Over a decade ago, an incident at a house party planted the seed for what would eventually become SafeUp, the safety network that entrepreneur Neta Schreiber co-founded and launched in Tel Aviv in 2020. 

One of Schreiber’s girlfriends disappeared at the party, and was later found in a room half-naked, struggling to escape two men. 

“We saved her life. I don't think that we realized that in that moment,” Schreiber told Global Citizen. “We have the responsibility and the ability to keep each other safe. We need to crowdsource our safety and to help each other, and we can do that [with] tech.”

Now the free SafeUp app unites 100,000 women worldwide under the common goal of fostering mutual protection and safety by preventing sexual and physical harassment and assault. The app allows a user to notify a few nearby women volunteers, known as “guardians,” and alerts them that the user is in actual or potential physical danger or in need of support or guidance. Guardians will then stay on a video or phone call or physically accompany the user until she feels safe again. 

SafeUp is currently available in 13 US cities, major Canadian cities, and in several European capitals, including London, where it officially launched in early January after the app saw a spike in downloads following Sarah Everard’s murder.  

Any woman can download the app and register, and once she is verified and if she is over the age of 18, she can complete a series of online training videos to become a guardian. 

When Schreiber initially researched existing safety apps during the early stages of SafeUp, she realized many of them focused on preventing women from making mistakes that put them at risk. She wanted to factor in that often in emergencies, women don’t turn to the authorities because they fear retaliation or that they won’t believe them. 

“This is why we wanted to create an equal environment — like, I can be your guardian, but tomorrow you can be my guardian, and we are all on the same page,” she said. 

When she started pitching the idea around, however, others were skeptical of Schreiber’s faith in women’s desire to help each other without knowing each other.

“Imagine that you are sitting on your couch in your home in the night and then you will get a call, and you will answer and you will go physically to help. It sounds crazy,” she said. 

But starting a Facebook group where women shared their experiences and concerns restored her confidence. Then SafeUp received funding from a government grant that supported the pilot launch, and the data proving the need for the service spoke for itself.

The most common scenario in which women turn to SafeUp is if they feel someone is following them on the street. According to the company’s data, nearly 9 in 10 women feel uncomfortable walking alone after dark and avoid certain activities every day. After downloading SafeUp, ​​50% of users said they spend around one hour more outside daily.

Hailey, a SafeUp guardian, recently shared with the company that she turned to the app when she was heading to basketball practice at night, and a friend didn’t answer her call. 

“Three amazing ladies that live nearby answered and spoke with me until I reached the basketball court,” she said. “A scary experience was changed by a short phone call with strangers."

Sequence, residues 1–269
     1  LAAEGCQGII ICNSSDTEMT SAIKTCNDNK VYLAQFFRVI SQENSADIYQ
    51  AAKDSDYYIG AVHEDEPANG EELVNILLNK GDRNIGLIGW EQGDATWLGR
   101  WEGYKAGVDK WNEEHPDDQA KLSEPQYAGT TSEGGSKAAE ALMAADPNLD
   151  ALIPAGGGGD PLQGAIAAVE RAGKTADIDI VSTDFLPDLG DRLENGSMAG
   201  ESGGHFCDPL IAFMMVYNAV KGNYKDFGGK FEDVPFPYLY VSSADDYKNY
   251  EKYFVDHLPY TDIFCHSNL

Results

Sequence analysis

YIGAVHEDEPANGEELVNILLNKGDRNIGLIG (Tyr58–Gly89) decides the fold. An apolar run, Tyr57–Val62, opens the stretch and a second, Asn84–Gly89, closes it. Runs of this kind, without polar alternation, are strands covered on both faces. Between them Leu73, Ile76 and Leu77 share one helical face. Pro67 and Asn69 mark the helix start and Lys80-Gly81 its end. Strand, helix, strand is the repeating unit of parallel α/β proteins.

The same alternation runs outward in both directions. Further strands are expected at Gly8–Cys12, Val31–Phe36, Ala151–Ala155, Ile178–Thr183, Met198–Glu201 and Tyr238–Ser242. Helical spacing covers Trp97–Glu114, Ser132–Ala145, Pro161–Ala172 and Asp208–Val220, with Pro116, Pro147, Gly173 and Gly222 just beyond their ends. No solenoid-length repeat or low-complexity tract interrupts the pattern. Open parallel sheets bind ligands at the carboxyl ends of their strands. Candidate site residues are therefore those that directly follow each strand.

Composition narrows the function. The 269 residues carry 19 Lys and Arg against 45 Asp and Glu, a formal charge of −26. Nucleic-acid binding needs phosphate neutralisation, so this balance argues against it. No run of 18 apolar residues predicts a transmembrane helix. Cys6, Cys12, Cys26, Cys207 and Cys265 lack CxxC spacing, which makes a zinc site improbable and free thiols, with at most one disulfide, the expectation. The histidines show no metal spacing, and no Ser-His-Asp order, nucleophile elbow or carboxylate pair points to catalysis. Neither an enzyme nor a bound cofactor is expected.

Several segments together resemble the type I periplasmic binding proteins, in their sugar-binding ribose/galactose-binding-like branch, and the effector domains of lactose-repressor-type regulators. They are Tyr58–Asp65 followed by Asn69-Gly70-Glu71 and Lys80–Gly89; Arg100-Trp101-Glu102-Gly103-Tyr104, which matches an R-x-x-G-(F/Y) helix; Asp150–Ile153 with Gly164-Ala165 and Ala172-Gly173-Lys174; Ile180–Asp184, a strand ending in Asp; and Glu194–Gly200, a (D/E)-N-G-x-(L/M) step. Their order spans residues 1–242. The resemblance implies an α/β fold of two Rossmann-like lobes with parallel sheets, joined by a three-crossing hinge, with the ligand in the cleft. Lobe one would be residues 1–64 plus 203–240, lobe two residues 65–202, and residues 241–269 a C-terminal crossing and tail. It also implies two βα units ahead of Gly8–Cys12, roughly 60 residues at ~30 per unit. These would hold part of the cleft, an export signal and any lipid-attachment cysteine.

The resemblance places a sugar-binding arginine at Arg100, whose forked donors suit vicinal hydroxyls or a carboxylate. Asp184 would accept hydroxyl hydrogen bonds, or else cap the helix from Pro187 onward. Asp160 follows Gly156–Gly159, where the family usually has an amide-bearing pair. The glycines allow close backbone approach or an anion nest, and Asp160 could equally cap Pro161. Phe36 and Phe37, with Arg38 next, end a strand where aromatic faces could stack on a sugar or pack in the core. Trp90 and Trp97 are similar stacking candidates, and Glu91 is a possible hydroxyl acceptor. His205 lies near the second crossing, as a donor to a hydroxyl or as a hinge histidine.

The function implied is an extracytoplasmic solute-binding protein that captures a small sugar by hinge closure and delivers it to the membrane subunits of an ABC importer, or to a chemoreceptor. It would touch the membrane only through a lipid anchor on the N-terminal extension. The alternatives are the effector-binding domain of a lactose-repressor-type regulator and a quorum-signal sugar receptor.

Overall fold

Schreiber always knew she wanted to be in a profession where she could serve others. Her first business endeavor was the lifestyle app for women Bookit, but she didn’t find it fulfilling. 

“It wasn't enough because I realized that I can do much more with tech to solve a real problem with women,” Schreiber said. “When I started to enter the startup world, I realized that there are a million problems women face that no one can handle, and that’s because there are not many women in this field. 

“It's crazy to think how many solutions you have in your phone, like fixing a problem with your car, and the most important thing in your life, you don't have solutions.” 

People often ask Schreiber how many people she’s saved. 

“I cannot answer this question because we don't know what would have happened if she would not have clicked SafeUp,” she said.

Since women don’t frequently report safety incidents, SafeUp works in partnership with governments and municipalities to provide data that can inform the implementation of new measures like more streetlights and cameras. The app also recently partnered with transportation company Lime for International Day for the Elimination of Violence Against Women.

SafeUp is still trying to figure out how to address domestic violence better. While guardians simply showing up has prevented abusers from committing violence in a given moment, it’s not a long-term solution, Schreiber said. The spike in gender-based violence during the COVID-19 pandemic is a reminder that addressing the issue must come from all different directions, including education, with women leading the charge, she explained.

“We need to change the state of mind of society. We already took a really huge step, with the MeToo movement, but now we need to change to being [more] active,” Schreiber said. 

The entrepreneur encourages women who want to step up to stop gender-based violence to download the SafeUp app and get more involved by becoming community managers. 

“If you want to create a change, you need to start to do that,” she said. “Start to do something — and not just to speak or to complain about the situation — and you will find a way.”

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